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Between 40 to 50 protesters gathered on the steps of the Mississippi State Capitol building Friday night to rally for the preservation of abortion rights in America.
Advocates organized pro-choice protests across the country this week following the explosive leak by Politico of a draft opinion that indicated the U.S. Supreme Court is ready to overturn Roe v. Wade, potentially setting the stage for the procedure to become illegal in Mississippi and many other states.
The opinion stemmed from the Mississippi case Dobbs v. Jackson Women’s Health Organization which centers around a challenge to the state’s 15-week abortion ban.
If the Supreme Court overturns Roe v. Wade, Mississippi’s 2007 “trigger law” banning abortion in the state would go into effect. The only exceptions would be “cases where necessary for the preservation of the mother’s life or where the pregnancy was caused by rape” and a criminal charge has been filed with law enforcement.
Every speaker at the protest emphasized that regardless of what the Supreme Court decides, there will still be a need for activists to push for legalization and work to make reproductive health care accessible.
601 For Period Equity, Mississippi In Action, Immigrant Alliance For Justice and Equity, Democratic Socialists of America and Party for Socialism and Liberation organized the event.
Meghan, the first speaker, shared the story of her being forced to carry a pregnancy to term after she was raped. The assault occurred while she was trying to jog two miles back to her home after her car broke down.
Even though Meghan took a Plan B pill after her assault, she became pregnant.
“In my shock and trauma haze, it took me a good while to realize or realistically accept what was happening to my body,” Meghan said.
When Meghan realized she was pregnant, she had already passed the 16-week limit on when abortions are performed in Mississippi. She said looking at her growing belly was a constant reminder of the worst thing that had ever happened to her.
“The nightmare is ever present,” Meghan said. “I couldn’t help but think this would have never happened if I had just been able to get a safe abortion.”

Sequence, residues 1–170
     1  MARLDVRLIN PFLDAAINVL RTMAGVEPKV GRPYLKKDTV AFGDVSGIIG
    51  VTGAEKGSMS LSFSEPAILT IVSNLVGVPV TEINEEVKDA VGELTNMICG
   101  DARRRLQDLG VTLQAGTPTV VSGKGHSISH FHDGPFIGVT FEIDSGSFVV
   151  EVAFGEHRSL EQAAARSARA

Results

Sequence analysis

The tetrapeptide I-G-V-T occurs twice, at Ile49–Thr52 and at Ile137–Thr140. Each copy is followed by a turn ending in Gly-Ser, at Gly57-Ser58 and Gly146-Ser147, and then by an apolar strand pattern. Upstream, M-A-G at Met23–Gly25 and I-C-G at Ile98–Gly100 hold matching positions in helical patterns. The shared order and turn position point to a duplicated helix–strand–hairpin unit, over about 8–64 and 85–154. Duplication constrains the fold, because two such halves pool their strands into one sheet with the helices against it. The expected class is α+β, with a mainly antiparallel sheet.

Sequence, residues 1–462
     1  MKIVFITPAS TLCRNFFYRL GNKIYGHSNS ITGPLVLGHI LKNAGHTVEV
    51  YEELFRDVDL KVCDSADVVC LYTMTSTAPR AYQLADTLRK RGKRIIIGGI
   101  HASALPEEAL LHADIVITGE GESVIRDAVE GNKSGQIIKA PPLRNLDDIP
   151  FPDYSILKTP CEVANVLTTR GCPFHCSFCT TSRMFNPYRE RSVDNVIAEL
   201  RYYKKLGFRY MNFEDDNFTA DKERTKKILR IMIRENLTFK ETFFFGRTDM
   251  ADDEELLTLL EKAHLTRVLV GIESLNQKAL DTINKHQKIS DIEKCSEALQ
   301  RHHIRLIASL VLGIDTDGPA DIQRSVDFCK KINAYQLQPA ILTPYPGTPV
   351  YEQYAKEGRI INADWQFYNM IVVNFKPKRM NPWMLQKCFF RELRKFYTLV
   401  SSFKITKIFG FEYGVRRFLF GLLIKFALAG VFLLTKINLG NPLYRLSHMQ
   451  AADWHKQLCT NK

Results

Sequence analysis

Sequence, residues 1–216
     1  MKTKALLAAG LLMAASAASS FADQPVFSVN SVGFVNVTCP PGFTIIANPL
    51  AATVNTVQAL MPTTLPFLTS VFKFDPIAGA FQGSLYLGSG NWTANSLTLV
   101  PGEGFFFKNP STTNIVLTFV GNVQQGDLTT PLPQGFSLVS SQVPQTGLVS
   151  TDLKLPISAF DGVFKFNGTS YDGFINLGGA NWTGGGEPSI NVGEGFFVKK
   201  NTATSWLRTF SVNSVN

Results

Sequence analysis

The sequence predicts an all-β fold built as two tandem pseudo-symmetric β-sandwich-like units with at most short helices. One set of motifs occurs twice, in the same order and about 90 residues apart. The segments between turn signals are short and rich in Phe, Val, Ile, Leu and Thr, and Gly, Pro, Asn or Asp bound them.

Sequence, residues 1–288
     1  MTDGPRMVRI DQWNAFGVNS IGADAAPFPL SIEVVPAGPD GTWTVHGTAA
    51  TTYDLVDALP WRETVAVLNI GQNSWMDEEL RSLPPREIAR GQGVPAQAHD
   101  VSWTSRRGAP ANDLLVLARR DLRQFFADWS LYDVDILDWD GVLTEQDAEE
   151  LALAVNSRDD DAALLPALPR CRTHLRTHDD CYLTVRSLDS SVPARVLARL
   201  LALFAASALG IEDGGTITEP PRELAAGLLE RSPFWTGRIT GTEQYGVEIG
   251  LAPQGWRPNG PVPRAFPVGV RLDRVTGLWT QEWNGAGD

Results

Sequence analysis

Other speakers at the protest emphasized that the heaviest burdens in a post-Roe Mississippi would lie on the shoulders of Black and brown women in the state.
Lorena Quiroz, executive director of Immigrant Alliance For Justice and Equity, a progressive immigrant rights advocacy organization, said anti-abortion activists and politicians who claim to be pro-life while not supporting access to health care for undocumented people are hypocritical.
“If you really wanted healthy babies then you would be extending health care benefits to all women, but they’re not … all they want to do is control our bodies,” Quiroz said.
In Mississippi, pregnant people who are undocumented may be eligible for health care coverage through Medicaid during their births. They cannot receive any public prenatal or postpartum benefits.
Quiroz also pointed out that many of the undocumented women who come to the U.S. from Central America are fleeing physical and sexual violence in their own countries.
“They flee to a country they think is supposed to protect them, but they’re not protected,” Quiroz said.
Derenda Hancock, who acts as a coordinator for the Pink House Defenders, a volunteer group that safely escorts women in and out of their appointments at the state’s only abortion clinic, said she was surprised by the lack of anti-abortion protestors this week. Only one person she escorted into the clinic this week mentioned the leak, she said.
“You’d be terribly surprised by how many people come there (Jackson Women’s Health Organization) without knowing any of this (Dobbs case) is going on,” Hancock said.
Though upset by the leak, it was what Hancock expected.
“The fact that it leaked was a big surprise, but what they leaked was not a big surprise. There’s not a win here,” Hancock said.
Hancock said in a post-Roe Mississippi, Jackson Women’s Health Organization will likely close down, and the Pink House Defenders will cease to exist. However, her advocacy group We Engage, which confronts anti-abortion protesters, will continue its work. Likely, this will look like organizing in states where abortion remains legal, but anti-abortion activism continues.
“There are no safe states. There are only temporarily safe states,” Hancock said.
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